This is a fairly basic thing, but I can’t quite extract it from Giles or the StanMath paper tonight.

If I know that `y[j] = 0`

structurally (ie independent of context. It’s just true), does that mean `\bar{y}[j] = 0’?

For context, if `A`

is a sparse matrix of and I want to compute `y = A*x`

for vectors `x`

and `y`

, then is `\bar{A}`

sparse?

In the dense case `\bar{A} = \bar{y} * c'`

which is a dense matrix (albeit a low rank one). This would be inconvenient for me. I would prefer `\bar{A}`

to have the same sparsity as `A`

. But maths doesn’t care about my needs.

It matters what’s parameters and what’s data.

Suppose I have two vectors `x`

and `y`

and they’re both parameters. Then

```
d.(x' * y) / d.x[1] = y[1]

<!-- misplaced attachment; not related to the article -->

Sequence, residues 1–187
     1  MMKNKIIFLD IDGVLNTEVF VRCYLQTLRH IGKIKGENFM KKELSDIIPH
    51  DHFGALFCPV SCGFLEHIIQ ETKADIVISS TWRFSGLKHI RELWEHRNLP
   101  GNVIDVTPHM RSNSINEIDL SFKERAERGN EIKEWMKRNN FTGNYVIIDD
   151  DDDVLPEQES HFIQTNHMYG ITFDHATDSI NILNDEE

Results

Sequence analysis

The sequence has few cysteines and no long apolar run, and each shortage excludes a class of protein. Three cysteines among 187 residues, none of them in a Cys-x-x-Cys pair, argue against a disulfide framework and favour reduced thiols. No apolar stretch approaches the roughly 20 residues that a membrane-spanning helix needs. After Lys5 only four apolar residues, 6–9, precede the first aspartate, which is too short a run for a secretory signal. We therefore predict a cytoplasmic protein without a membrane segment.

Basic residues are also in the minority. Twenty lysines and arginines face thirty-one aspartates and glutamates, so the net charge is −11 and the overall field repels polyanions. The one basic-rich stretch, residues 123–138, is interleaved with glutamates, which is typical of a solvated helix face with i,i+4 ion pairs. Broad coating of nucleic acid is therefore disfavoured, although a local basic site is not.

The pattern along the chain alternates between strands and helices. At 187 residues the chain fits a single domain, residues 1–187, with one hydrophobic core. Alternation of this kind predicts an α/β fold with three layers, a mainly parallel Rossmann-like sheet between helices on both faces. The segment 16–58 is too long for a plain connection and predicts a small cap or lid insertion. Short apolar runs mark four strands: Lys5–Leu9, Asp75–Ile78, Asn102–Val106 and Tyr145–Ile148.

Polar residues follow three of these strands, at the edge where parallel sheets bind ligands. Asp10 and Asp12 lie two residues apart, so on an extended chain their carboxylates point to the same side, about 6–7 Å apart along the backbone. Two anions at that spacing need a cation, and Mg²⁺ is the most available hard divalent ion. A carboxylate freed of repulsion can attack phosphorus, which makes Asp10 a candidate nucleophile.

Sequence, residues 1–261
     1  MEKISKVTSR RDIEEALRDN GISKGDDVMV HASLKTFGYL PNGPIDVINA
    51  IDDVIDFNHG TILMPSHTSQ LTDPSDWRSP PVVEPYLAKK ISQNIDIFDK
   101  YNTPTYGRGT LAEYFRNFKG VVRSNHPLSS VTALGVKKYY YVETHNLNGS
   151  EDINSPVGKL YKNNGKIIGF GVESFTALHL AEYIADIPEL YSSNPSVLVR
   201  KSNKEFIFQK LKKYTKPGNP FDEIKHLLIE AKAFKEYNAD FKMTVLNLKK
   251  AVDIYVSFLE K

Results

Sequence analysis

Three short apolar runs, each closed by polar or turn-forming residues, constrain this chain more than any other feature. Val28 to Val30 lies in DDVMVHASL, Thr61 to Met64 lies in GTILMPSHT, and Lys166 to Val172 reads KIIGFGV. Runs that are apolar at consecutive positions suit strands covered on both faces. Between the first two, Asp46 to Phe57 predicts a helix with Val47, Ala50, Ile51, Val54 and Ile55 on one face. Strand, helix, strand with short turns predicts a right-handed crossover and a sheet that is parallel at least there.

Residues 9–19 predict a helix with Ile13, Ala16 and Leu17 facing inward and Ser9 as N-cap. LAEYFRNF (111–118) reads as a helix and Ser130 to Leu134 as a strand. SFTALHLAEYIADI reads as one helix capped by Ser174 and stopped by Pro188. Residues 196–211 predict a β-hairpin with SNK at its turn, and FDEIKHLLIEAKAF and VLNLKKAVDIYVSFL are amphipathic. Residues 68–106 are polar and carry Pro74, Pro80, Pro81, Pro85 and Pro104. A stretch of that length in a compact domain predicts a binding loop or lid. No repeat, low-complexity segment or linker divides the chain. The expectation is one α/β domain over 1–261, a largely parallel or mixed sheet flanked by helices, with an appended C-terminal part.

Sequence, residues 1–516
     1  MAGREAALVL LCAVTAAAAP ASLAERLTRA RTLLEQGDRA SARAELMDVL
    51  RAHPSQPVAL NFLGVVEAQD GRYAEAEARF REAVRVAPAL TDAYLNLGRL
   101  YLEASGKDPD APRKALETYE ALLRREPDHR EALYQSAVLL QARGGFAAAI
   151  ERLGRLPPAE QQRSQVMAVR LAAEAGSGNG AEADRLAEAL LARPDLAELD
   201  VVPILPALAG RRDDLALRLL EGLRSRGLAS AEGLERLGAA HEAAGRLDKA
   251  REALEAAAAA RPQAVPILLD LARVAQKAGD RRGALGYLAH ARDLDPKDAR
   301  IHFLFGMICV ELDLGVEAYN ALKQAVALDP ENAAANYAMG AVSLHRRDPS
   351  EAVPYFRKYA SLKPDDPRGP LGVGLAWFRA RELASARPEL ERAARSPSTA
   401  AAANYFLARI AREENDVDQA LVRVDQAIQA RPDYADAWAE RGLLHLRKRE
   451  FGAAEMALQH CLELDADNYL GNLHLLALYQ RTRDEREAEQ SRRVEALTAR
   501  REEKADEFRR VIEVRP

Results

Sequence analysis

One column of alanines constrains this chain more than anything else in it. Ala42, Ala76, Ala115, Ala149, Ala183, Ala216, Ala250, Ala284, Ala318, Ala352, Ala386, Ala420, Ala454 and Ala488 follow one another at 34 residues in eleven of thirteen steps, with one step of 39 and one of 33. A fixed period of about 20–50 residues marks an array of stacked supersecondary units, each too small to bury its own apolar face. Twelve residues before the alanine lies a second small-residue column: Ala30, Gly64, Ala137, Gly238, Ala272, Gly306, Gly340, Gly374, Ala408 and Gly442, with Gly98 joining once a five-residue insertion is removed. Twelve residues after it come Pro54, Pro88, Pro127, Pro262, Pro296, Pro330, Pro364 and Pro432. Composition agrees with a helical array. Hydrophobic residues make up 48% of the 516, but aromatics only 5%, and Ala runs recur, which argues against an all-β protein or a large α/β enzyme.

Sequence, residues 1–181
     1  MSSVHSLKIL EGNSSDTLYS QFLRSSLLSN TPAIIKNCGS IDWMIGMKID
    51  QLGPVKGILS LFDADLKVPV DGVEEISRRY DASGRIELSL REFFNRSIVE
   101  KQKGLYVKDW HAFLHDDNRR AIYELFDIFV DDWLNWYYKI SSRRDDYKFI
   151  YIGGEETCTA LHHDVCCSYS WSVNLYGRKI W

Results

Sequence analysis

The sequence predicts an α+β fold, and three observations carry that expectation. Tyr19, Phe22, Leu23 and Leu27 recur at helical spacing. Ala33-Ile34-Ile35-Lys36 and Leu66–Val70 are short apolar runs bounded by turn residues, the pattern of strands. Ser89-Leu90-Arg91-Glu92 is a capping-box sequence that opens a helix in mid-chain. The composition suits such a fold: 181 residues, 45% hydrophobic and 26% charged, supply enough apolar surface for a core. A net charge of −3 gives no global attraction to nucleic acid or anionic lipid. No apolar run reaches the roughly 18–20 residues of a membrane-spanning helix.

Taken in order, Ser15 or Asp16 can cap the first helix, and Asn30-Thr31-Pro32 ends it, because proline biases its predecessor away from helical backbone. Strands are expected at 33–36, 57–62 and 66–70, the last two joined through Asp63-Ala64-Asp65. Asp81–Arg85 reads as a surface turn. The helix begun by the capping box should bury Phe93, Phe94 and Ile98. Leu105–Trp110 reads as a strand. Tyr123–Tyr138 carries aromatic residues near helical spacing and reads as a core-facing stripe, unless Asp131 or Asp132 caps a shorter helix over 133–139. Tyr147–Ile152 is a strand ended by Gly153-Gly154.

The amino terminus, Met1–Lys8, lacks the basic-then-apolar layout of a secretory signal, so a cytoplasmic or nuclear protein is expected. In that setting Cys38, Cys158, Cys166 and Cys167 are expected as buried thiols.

```

so what you really need to know is the sparsity of `y[1]`

.

In your case, the sparsity of `x`

is what will determine the sparsity `d.(A * x) / d.A`

.

So does that mean that if `y=Ac`

even though `A`

is sparse `\bar{A}`

is dense if `c`

is dense?!

That’s very inconvenient. The storage without additional data structures would be n^2 vars if (`A`

is nxn), while the minimal storage (the number of unique vars that need to be stored to represent `\bar{A}`

) is n.

Sorry—I don’t have the power to change how derivatives work!

`d.(u * v) / d.u = v`

, even if `u = 0`

.

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Syntax Q – what’s \bar{x} mean here?

It’s Giles’ notation of reverse autodiff

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